A day after hundreds of National Football League players took a knee during the national anthem, the Memphis Grizzlies head coach defended those players.
The issue again came to the forefront after President Donald Trump said this weekend NFL players should be fired or suspended for such on-field demonstrations.
Coach David Fizdale said he is 100% behind his team whatever they decide to do, but whether the team is 100% unified in a position on the national anthem, that’s too early to tell.
When Local 24’s Brad Broders asked, “If your team decides to take a knee, you’ll take a knee?” Coach Fizdale responded, “Absolutely. There’s no gray area to that.”
Coach Fizdale didn’t mince his words on supporting his squad peacefully demonstrating during the national anthem.
“Our guys are closely connected to this community and it’s bigger than basketball,” Coach Fizdale said.
The second-year Grizzlies head coach took strong objection to President Donald Trump’s recent comments, when he argued any player who took a knee during the national weren’t proud of their country, their flag or their service members.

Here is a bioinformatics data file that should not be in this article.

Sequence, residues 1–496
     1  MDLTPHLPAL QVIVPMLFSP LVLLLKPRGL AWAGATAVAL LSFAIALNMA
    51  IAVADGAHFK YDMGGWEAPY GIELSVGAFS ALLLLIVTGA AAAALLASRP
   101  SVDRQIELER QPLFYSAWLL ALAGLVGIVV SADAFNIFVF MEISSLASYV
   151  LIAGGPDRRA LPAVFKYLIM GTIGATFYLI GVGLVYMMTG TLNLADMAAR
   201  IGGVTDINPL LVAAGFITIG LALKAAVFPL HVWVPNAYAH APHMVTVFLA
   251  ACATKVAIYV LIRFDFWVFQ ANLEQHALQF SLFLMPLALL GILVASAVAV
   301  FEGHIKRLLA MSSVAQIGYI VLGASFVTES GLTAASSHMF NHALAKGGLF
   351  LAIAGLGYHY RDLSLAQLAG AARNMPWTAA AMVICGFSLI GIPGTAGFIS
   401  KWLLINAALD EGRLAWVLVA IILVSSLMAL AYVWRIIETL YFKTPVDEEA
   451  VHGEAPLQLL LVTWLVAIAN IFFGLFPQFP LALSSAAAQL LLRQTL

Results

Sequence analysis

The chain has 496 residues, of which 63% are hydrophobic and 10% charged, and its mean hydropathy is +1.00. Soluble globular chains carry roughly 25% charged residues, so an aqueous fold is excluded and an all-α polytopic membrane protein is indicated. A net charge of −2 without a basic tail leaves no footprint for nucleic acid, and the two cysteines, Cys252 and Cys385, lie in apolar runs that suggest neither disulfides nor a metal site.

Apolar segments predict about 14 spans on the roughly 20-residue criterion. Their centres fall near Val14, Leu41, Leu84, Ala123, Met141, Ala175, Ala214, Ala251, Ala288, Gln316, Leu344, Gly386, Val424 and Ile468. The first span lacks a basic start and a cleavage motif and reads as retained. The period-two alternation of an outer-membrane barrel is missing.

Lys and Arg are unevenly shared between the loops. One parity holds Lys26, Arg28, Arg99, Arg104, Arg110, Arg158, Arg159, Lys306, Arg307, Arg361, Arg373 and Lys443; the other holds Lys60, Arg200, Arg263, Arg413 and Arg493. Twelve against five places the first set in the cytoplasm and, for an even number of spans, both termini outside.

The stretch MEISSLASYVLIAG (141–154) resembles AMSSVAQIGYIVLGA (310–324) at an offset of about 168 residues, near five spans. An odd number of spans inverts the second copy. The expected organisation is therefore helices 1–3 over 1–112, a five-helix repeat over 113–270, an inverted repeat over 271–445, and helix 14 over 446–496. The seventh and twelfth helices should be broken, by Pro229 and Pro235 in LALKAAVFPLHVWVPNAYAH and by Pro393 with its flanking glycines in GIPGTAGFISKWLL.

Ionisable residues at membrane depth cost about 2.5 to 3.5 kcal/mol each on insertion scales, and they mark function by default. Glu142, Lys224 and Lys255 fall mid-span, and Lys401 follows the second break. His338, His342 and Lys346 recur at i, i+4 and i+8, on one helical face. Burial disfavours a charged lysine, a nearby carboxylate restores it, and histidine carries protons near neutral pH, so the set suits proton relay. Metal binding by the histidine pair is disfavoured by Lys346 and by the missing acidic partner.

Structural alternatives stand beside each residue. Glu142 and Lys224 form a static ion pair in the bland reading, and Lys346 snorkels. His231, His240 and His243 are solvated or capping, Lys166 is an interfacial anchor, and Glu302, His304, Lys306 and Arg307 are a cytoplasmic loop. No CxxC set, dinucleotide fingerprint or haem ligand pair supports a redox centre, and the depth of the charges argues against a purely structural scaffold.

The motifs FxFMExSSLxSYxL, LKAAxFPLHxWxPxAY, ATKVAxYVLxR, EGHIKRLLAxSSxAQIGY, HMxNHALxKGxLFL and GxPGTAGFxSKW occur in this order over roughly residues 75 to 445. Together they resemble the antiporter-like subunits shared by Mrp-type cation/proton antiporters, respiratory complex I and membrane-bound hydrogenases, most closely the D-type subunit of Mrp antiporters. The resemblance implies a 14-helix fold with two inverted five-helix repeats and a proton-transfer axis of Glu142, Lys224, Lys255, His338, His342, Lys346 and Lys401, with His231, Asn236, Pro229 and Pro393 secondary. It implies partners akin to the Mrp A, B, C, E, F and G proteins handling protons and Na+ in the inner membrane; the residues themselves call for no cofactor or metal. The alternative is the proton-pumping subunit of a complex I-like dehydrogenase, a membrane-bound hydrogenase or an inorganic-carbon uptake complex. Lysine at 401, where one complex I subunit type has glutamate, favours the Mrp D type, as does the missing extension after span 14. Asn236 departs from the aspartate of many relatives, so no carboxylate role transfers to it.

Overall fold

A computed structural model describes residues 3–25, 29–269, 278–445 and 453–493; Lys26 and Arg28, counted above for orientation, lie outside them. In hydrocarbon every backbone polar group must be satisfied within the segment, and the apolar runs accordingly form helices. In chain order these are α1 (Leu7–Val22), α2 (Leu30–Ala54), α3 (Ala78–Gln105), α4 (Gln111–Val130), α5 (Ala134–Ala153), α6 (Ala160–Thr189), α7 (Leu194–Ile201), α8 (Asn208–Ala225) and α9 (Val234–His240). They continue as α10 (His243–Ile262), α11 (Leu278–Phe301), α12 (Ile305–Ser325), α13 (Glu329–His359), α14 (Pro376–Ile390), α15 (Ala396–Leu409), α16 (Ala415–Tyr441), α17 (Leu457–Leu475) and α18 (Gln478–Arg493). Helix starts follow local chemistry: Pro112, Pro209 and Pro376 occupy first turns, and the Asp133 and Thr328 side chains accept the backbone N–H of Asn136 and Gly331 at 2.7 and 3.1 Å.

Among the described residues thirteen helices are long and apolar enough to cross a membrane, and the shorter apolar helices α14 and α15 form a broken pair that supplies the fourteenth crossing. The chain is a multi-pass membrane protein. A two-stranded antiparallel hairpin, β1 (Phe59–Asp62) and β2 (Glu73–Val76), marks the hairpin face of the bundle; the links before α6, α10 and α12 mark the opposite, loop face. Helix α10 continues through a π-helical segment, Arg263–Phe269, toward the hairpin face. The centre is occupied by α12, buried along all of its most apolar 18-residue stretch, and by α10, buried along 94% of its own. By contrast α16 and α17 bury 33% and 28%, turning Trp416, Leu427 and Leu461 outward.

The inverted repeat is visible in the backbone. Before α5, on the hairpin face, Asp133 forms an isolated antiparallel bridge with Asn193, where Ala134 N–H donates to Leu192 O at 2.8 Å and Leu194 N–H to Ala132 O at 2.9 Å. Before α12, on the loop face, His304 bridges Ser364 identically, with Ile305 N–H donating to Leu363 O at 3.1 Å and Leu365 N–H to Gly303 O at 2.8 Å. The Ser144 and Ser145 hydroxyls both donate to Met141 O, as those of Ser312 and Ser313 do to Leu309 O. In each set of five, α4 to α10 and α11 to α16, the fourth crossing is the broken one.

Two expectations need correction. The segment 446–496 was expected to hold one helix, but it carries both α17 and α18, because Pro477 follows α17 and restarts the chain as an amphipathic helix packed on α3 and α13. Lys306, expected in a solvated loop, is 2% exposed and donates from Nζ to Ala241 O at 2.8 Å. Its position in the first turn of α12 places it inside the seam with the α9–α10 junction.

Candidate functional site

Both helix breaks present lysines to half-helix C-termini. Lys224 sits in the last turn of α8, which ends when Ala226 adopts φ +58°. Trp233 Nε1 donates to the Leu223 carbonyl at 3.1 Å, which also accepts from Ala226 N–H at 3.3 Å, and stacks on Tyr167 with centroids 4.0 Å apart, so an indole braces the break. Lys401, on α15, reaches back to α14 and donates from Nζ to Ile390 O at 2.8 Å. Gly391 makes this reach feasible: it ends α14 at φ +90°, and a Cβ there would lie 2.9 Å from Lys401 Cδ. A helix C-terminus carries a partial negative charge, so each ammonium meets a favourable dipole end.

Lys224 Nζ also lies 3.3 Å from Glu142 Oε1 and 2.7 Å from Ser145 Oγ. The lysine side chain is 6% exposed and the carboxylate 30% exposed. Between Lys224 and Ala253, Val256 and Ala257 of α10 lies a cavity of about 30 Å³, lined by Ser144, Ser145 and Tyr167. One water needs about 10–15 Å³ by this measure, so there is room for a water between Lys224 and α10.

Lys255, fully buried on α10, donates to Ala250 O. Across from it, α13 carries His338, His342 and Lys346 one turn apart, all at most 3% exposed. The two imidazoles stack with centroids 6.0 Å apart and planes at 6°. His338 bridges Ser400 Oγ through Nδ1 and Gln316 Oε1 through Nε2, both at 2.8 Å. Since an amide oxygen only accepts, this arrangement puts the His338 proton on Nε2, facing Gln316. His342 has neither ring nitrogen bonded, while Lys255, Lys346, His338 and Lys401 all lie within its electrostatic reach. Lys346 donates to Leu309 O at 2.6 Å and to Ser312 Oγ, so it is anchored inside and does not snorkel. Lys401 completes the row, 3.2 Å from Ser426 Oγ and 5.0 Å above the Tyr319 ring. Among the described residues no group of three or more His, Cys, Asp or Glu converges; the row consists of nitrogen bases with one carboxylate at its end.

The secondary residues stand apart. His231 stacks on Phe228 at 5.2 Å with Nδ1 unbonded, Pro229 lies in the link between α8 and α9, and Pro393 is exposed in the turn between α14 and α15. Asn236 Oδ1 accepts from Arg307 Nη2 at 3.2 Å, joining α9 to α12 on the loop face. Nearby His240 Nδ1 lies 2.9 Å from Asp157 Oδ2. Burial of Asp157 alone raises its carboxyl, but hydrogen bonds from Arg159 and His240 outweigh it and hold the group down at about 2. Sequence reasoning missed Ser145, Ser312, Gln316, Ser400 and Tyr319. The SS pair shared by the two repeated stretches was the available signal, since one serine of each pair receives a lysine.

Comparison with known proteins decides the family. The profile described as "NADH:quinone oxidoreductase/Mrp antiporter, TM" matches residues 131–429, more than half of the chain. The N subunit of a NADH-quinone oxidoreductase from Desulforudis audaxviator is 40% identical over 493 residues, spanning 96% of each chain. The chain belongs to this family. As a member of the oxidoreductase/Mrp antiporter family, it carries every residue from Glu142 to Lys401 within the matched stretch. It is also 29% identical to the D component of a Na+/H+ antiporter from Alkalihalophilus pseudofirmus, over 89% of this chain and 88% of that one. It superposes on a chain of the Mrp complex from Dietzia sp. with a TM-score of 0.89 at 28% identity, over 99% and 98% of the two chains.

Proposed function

“You want to talk about disrespecting our military, go through his tweets, right?” Coach Fizdale said. “Let’s go down the line. John McCain, transgender in the military.”
Monday, Grizzlies players expressed a mixture of opinions on whether they’d support kneeling during the anthem as a team.
“My family fought for this country, I think its the best country in the world so I would hate to do anything that’s going disrespect that just because of the president,” Chandler Parsons said.
“It’s not disrespecting to our country, it’s not disrespecting to our service men and women, it’s bigger than that,” Mike Conley said.
Whatever happens, Memphian’s will find out next Monday at the Grizzlies preseason home opener.
During Grizzlies media day Monday, Coach Fizdale also discussed his continued support of removing Confederate statues in Memphis, statues currently protected by state law.
Last season, Coach Fizdale set up a Police Athletic League in Memphis and told Local 24 he plans to participate in an inmate training program and expand urban farms to low-income neighborhoods.